6. The effects of anxiety are often worse in different contexts or situations.
  7. Anxiety is also influenced by time: worries about what happened in the past, repeating in the future. Worries about the future, upsetting you in the present.
  8. Worries about your identity, who you are and who you will become whilst under the influence of anxiety. This is especially true in relation to traumatic experiences.
  9. Anxieties about your life: how much your possibilities in life are restricted, diminished and compromised by anxiety.
  10. Anxiety too about your purpose and role in life.

Possibilities ‘enhanced’ Cognitive Behavioural Therapy for anxiety, along with the other therapeutic counselling methods we use, are often very effective. The hardest part is taking the first step to contact us. This is the first step toward getting better.

“Let us not look back in anger or forward in fear, but around in awareness.” James Thurber, Writer.

Our ‘enhanced’ Cognitive Behaviour Therapy (CBT) can help you develop more effective ways of coping with your anxious thoughts, feelings and behaviours, and to regain control over your fears. As anxiety is often accompanied by other issues; cognitive behavioural therapy needs to be enhanced with other methods to boost effectiveness and reduce relapse rates.

We understand that learning to manage your anxiety takes courage, commitment and practice, which is why we’ll always work with you at your pace to overcome your fears. Our therapists guide you through the process and help you learn and apply effective anxiety management techniques and resolve any associated or underlying issues.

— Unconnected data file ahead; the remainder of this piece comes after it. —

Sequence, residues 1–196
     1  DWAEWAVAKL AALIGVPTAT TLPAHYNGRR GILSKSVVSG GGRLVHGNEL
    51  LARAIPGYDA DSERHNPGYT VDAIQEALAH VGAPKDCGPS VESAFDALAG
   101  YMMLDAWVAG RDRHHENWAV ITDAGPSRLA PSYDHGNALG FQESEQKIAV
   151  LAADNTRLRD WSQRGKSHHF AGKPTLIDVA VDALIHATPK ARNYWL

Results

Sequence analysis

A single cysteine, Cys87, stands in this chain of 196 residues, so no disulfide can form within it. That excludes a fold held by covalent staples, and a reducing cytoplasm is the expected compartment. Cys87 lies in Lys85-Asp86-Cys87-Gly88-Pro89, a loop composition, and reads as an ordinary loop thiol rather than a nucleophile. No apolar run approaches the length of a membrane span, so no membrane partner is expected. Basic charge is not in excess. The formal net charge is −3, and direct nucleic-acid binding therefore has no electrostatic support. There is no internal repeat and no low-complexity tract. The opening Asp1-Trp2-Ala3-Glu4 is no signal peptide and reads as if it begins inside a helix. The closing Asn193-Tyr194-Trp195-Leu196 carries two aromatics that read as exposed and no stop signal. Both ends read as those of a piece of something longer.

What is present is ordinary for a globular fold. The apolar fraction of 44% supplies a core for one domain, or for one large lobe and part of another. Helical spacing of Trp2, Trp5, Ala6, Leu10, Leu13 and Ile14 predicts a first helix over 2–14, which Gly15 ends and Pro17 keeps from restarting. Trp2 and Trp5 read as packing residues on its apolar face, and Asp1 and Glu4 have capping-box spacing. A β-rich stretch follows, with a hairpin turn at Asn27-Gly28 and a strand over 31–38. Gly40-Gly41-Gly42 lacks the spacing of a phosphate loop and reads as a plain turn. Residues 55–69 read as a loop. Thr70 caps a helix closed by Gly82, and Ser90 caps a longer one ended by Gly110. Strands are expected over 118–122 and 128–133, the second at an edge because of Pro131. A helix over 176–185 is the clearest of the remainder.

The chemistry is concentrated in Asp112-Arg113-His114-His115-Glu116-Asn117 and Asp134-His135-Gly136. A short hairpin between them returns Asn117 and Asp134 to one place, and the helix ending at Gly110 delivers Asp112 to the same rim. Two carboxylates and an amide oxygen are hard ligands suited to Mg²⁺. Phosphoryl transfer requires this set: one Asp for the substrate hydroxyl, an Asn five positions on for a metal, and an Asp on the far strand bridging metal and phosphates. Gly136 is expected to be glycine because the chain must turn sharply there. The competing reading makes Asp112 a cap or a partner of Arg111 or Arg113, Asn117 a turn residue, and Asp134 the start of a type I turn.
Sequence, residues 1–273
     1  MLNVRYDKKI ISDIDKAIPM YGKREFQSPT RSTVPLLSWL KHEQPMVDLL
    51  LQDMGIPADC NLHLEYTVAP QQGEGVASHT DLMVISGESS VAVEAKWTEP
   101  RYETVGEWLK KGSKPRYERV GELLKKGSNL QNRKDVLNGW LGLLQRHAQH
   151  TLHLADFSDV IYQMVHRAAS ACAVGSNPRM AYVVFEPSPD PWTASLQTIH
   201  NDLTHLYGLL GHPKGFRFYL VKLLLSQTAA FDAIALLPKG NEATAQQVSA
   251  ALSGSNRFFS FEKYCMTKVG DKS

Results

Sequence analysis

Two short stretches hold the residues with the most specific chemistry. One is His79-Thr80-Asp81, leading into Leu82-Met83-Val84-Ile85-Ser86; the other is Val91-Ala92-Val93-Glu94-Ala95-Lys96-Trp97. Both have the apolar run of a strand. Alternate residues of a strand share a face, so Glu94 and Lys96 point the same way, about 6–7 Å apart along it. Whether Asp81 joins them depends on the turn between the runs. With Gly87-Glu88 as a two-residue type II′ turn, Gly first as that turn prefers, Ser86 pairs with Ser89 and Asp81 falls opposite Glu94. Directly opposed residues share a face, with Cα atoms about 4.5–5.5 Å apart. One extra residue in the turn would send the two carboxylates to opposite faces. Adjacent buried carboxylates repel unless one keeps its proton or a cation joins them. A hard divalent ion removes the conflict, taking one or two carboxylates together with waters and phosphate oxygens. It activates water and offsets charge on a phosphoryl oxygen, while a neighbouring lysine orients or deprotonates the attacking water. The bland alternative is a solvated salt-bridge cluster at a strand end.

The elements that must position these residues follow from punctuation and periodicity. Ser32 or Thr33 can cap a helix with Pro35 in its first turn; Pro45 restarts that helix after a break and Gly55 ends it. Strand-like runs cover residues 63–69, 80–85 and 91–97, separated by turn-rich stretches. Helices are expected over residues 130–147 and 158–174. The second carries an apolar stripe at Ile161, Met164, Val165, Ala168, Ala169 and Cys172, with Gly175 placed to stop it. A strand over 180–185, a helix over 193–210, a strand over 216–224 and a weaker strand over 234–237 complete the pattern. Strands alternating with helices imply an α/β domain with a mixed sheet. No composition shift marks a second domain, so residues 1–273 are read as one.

“All life is an experiment. The more experiments you make the better.” Ralph Waldo Emerson, Philosopher.

What is anxiety?

We all experience anxiety when faced with challenging situations or stressful life events. Changing job, losing someone close, trauma, work demands, loss or trying to adapt to the competing pressures of everyday life can all trigger anxiety. Sometimes the cause is unclear. Every day anxiety is generally brief and mild whilst problematic anxiety occurs frequently, is more intense and lasts longer. Research suggests that one in four adults will develop an anxiety problem at some time in their life.

There are a number of different types of anxiety we can help you overcome, such as: worry, social anxiety, health anxiety, panic, post-traumatic stress (PTSD), phobias, Obsessive Compulsive Disorder (OCD).

Next Steps

Allow us to reassure you that professional help is at hand. We offer services that aim to reduce the fear and uncertainty about getting help. Arrange an initial consultation ‘taster’ session to discuss your needs, in privacy and comfort, to obtain a sense of how we help and for if this is the right direction for you.


And the day came when the risk (it took) to remain tight in the bud was more painful than the risk it took to blossom.

Anais Nin

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Although the world is full of suffering, it is also full of overcoming it.

Helen Keller